Taking it slow

I’m sure everyone has a “worst day at work EVER” story, but I think mine can rival the best of them. I won’t get into the technical details, but due to a perfect storm of miscommunications I ended up DELETING the high-traffic website of a prominent organization. Luckily, there were server backups, and it was only eight hours of information that was permanently lost and not years, but the client was NOT HAPPY and is billing us for time they spent checking everything over; moreover, they’ll have their eyes closely on me for the remainder of the project. Ugh, the shame.

So it’s been a bit of a refuge for me to sit down and think about nothing but whether the shadow on my orange is convincing in this latest still life:

As I talked about a bit in my last post, I’m still trying to find my style… and clearly I’m looking everywhere! While I admire the Old Masters — and LOVE their color palette — I respond most viscerally to work that looks more, well, visceral — loose, raw, and emotional, even if the subject is only sliced oranges.

Unfortunately, when I try to paint alla prima in a loose, bold style, I end up with a sticky mess — it doesn’t look free and raw, it looks unfinished and incompetent. Meanwhile, the more careful work we’ve been completing in class — where we labor over each painting for weeks — ends up looking better to me. Heart-singingly better? No. But slightly less amateur.

So after setting up this still life, I painted only until I began to feel tired — no longer. Then, the next day, I fixed a bit of what I’d done and painted a bit further. And etc., and etc. And although the work looks a bit…labored… I felt loose and free because I wasn’t under the gun to stick with the dang Daily Painting credo. Now I just need to find a way to make my painting more expressive and less “tight” while actually taking it slow.

I’m also still trying to figure out what to do about light. Every morning — if I don’t close myself into my new curtained cave — there’s a moment when the sun first crests over my third-storey sills and for just five minutes or so makes the most perfect pool on my still life. When that happened, my days-old orange slices would suddenly look fresh and juicy, there would be gorgeous swaths of bright fresh sunlight mottling the sheet, and I’d rush to get my camera, only to find that it sucked the life right out of what I was seeing. I’d attempted to produce the same effect artificially — using several carefully positioned daylight bulbs — but everything I’ve tried has fallen far short. I guess I’ll just need to someday learn to paint in hyperdrive (or look over the shoulder of Thomas Kinkade). But for now, I’m taking it slow!

Things I did well:
I like the pinkish shadows that the orange was creating. I also like the two sliced oranges. They look a bit dried out, but in truth they were mummified by the time I finished.

Things I could do better:
The composition is still a bit staid. This is the part I thought would come naturally to me!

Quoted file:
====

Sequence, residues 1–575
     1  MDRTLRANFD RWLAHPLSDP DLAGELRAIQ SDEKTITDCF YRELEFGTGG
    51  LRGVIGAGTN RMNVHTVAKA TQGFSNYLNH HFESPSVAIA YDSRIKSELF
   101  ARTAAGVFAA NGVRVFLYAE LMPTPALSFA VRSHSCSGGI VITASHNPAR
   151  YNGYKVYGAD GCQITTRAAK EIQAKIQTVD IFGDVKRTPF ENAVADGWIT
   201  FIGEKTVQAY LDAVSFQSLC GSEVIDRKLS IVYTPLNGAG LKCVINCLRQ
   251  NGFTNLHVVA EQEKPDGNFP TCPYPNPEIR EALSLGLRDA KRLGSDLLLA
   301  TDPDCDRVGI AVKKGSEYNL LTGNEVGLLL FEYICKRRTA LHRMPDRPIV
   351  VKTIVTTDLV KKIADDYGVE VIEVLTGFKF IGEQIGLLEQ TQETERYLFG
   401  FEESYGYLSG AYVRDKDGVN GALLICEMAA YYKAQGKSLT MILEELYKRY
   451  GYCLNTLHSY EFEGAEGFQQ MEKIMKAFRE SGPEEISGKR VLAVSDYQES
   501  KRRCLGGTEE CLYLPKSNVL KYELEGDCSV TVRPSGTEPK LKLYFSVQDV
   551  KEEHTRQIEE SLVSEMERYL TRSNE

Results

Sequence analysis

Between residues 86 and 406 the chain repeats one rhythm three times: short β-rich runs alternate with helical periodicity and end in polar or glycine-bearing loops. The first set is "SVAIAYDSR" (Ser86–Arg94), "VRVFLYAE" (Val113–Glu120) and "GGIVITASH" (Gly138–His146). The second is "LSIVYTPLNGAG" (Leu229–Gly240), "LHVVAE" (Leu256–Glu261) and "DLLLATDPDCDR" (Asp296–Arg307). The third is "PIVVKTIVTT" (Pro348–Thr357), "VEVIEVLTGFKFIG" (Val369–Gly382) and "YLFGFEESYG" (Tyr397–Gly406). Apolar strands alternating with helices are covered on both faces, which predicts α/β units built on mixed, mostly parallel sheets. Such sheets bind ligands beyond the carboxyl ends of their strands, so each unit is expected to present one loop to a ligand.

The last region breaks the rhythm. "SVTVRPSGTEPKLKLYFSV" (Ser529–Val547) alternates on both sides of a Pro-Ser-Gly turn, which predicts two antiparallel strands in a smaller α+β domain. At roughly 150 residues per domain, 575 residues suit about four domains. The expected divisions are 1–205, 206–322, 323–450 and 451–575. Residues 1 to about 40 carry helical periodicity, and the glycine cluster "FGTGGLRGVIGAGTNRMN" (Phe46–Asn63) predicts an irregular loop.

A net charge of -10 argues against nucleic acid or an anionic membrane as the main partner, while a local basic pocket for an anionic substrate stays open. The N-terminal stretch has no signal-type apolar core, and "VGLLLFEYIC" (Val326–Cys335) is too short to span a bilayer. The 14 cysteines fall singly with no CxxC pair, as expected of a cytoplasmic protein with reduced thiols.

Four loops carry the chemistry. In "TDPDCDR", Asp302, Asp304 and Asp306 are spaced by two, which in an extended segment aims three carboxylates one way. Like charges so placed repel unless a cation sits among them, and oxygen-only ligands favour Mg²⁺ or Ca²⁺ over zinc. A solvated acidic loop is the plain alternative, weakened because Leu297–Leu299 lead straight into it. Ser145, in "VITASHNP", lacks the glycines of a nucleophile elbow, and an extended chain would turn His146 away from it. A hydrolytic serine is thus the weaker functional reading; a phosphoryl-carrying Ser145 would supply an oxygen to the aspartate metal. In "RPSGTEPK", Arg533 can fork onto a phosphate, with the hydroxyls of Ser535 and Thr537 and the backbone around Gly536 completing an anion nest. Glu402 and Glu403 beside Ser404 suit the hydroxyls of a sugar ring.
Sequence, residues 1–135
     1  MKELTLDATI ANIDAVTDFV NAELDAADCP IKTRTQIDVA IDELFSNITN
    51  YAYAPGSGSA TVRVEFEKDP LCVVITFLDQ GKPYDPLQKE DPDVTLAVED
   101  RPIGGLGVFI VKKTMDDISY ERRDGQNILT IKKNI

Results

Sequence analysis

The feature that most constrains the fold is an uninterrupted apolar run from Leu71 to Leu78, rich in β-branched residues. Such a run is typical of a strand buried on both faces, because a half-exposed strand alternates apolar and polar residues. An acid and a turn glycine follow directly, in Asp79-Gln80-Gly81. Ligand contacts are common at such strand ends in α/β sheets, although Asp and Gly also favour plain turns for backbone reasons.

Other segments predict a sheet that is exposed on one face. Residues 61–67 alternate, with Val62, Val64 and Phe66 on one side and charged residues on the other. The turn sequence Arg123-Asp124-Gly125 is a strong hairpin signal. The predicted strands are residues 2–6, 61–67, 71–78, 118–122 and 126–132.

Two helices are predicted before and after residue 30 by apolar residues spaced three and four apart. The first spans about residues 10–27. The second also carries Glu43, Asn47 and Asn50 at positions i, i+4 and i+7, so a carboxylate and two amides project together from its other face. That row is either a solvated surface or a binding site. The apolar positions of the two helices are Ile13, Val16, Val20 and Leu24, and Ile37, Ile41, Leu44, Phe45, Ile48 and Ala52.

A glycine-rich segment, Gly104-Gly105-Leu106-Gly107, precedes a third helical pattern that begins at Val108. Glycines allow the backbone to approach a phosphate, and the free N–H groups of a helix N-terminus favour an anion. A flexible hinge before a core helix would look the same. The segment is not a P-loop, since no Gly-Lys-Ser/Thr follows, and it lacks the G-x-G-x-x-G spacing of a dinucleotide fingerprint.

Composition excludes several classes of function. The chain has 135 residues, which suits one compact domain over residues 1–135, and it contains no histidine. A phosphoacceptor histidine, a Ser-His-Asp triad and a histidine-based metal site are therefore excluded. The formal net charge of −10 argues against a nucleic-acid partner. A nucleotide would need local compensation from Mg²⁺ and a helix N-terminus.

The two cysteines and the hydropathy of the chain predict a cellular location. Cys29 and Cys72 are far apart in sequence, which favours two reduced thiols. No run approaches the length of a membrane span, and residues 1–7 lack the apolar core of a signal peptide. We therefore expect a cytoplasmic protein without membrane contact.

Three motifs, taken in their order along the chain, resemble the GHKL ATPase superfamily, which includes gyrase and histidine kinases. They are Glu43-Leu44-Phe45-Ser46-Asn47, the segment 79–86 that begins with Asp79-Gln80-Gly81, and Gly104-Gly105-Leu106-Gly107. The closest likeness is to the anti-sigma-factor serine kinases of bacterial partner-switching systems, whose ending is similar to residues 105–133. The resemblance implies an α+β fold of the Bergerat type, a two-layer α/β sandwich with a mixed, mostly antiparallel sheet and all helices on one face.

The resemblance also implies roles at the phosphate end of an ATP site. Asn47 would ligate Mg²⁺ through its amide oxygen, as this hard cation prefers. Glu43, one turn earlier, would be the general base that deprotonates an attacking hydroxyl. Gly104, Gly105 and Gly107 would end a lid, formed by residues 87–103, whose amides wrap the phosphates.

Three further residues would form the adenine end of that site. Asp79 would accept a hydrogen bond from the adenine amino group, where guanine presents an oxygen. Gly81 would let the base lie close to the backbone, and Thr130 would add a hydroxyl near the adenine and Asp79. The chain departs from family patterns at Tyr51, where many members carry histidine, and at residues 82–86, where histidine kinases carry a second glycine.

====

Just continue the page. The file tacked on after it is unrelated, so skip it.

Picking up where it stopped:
It looks as if the butterfly should be creating a harder shadow. I believe that’s a fault of the composition — the butterfly was actually pinned too far above .
The texture on the orange isn’t convincing — it looks like the side of my nose. I’m still not sure how a convincing orange texture is attained!

Street scenes in San Antonio

For spring break from my daughter’s school, the three of us joined our friends Dave and Sinee on a trip down to San Antonio, Texas, where Pete and I used to live before having Olive. Neither of us had been back for fifteen years, and Dave and his daughter never at all, so we were all essentially tourists, and did all the touristy things I never managed to do in my five years as a resident: boat shuttles on the riverwalk, SeaWorld, the Alamo.

Except for my classwork, I’d been painting exclusively still lifes, and I was excited to use the opportunity of outside time in a colorful city to take some photos to paint from. As I’ve mentioned, I’m a fan of Carole Marine, especially her street scenes, and I wanted to see what I could do with similar subject matter.

Once I got over my initial self-consciousness of feeling SO touristy (taking photos from a tour boat on the Riverwalk? Could I be any more cliched?) I did take some interesting pictures, though most wouldn’t work for my purposes:

Unfortunately, I rarely take photos, and I wasn’t aware that when I zoomed in to get a good simple image with my iPhone 6, I’d end up with something like this:

This one painted itself! Nothing left to do!

When we got back from our trip, I printed out a few of the more simple ones to try (I’ve since realized I didn’t need to have a hard copy — I could just have them open on my laptop. So much easier!). First, though, I bought Carole Marine’s ArtByte tutorial on painting people. The tutorial was so simple to follow, and –like Bob Ross before her — she made it look incredibly attainable.

Here’s my attempt: